I've got a ten minute wait till the bus comes. Let's see if I can do this in full.
Yesterday, I lost my cell phone, for the second time in as many weeks. Last time, it had fallen out of my pocket, then disappeared behind a seat. This time, it was a chair in a library. There is a lesson here: my phone is so eager to get away from me that it's flinging itself into strange places.
This time was particularly irritating, though, because I didn't even notice it was missing until I got a Facebook message from a family member with Big News. (It was good news, but it's not mine to share, so we'll remain vague.) It wasn't the sort of news that you normally share over facebook, so I teased him/her about that, and got the message back that they DID try to contact me, but I never carry my stupid phone.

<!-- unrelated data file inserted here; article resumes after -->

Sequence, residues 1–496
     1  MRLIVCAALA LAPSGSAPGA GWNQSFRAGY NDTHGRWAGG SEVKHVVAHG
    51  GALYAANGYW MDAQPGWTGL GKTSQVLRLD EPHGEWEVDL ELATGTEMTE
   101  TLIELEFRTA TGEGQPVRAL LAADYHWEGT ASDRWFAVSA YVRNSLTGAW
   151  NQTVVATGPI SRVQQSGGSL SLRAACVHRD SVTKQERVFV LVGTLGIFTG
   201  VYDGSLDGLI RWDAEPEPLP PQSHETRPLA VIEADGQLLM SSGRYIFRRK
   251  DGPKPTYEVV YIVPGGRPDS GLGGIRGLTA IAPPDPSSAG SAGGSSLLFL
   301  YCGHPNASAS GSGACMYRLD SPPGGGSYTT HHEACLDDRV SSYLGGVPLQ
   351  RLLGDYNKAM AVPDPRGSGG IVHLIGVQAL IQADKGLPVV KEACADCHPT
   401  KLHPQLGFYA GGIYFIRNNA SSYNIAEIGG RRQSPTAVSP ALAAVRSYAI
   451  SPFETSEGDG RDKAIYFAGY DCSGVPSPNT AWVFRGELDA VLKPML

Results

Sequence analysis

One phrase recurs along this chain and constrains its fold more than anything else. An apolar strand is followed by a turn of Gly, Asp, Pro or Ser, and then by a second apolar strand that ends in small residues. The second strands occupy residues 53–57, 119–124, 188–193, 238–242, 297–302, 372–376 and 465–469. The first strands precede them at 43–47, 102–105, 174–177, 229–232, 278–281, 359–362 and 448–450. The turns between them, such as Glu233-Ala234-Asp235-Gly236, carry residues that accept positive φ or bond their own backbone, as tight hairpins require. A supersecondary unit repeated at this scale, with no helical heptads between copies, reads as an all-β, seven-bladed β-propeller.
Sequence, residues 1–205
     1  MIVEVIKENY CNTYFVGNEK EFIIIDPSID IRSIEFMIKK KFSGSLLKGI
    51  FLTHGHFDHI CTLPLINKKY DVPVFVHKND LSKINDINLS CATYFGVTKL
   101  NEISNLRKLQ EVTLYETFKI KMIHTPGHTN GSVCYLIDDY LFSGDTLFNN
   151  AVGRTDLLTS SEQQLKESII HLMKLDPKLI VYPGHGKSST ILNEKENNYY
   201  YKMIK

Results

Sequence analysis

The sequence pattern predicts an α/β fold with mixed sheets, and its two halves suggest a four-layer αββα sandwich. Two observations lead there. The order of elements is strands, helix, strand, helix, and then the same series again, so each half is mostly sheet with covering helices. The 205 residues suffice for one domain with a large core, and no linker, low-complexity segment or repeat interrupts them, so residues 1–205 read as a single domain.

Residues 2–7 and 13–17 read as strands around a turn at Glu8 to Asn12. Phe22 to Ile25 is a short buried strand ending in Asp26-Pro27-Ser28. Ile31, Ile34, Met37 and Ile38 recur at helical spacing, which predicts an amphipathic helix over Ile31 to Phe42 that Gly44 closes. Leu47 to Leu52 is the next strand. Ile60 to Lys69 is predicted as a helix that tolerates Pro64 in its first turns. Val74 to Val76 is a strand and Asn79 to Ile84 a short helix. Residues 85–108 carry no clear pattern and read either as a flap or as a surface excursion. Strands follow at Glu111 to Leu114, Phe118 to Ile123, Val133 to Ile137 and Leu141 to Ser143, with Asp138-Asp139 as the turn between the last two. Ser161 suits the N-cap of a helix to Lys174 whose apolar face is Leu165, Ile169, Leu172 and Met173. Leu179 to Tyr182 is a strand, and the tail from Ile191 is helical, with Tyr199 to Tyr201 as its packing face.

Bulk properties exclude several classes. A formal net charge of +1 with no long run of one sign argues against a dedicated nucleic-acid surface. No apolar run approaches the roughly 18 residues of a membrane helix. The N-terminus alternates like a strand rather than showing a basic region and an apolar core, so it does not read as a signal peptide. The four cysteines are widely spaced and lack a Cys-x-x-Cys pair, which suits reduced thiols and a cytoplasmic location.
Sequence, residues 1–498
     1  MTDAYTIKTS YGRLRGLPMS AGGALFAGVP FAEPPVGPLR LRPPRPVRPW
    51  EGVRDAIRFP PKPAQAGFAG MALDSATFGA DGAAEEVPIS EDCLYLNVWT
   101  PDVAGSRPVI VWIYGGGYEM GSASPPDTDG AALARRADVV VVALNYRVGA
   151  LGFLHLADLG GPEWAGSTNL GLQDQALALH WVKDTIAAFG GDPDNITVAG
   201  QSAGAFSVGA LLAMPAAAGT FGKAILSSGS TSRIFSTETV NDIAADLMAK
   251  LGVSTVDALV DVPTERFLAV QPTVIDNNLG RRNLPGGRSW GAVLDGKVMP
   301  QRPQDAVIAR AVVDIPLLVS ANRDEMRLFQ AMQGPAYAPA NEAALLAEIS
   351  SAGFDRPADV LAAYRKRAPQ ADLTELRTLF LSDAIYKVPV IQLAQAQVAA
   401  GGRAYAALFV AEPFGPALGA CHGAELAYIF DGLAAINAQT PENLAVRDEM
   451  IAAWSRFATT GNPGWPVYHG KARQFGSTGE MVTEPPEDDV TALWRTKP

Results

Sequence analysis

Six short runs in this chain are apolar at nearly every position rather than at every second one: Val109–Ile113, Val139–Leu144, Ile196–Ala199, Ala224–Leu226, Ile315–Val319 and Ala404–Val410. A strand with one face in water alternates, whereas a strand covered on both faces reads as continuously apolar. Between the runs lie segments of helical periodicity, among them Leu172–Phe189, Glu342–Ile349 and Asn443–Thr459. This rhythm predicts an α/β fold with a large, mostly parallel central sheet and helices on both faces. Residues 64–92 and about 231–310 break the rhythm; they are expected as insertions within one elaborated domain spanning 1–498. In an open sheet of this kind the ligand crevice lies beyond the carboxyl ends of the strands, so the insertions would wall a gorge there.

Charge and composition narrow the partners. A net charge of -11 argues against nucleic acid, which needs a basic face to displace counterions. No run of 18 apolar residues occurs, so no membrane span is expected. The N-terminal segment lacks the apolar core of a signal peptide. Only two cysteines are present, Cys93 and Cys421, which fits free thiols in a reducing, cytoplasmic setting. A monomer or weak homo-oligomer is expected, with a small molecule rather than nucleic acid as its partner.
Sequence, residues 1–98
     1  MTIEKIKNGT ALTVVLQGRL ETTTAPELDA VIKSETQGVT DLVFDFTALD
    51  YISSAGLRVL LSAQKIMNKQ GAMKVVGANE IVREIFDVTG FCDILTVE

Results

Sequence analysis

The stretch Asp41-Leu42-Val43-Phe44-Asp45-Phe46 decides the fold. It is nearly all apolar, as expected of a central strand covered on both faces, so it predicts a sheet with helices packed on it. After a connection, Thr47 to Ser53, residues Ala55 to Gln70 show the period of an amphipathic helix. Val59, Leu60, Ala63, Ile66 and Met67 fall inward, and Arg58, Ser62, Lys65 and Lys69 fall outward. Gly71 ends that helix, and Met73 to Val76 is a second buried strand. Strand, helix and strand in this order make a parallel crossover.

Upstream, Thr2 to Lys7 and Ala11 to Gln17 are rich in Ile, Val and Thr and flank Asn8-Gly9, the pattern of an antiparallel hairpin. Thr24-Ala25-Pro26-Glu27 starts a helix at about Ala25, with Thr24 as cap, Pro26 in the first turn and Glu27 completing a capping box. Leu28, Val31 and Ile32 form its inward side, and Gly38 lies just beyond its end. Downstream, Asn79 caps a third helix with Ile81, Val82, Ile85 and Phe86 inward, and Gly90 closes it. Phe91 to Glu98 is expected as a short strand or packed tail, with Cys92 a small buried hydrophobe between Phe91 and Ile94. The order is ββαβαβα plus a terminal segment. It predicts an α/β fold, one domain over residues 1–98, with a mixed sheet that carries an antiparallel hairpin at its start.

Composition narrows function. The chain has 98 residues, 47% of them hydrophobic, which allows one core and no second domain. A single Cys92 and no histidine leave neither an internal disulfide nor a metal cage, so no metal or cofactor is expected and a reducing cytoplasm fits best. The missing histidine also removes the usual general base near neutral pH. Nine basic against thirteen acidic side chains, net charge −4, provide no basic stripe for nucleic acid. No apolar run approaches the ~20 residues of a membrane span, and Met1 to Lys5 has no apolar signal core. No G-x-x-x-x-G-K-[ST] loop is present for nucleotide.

Realizing it was missing, I went into a frenzy, searching the house, retracing my steps, even biking back to the university to continue the search there. It was a bit of an overreaction, to be honest, but I was convinced that it was really important for me to get the phone back as soon as possible to contact said family member. (Incidentally, the only reason I haven't yet is because I don't want to interrupt their day; if family member reads this, by any chance, let me know when a good time to call would be.) And it was important for me to convey the effort I went to to find the phone as soon as possible. I felt guilty. I feel guilty. Not just for losing the phone (if I felt guilty about losing things, I'd never get anything done.) but for not being there for the news. The worst thing about moving out east is not being there for my family. And sure, it's not like they needed me there, but... that doesn't make it any better, you know? I missed out. I feel about it, and even though I know I'll get over it... it's not a great feeling.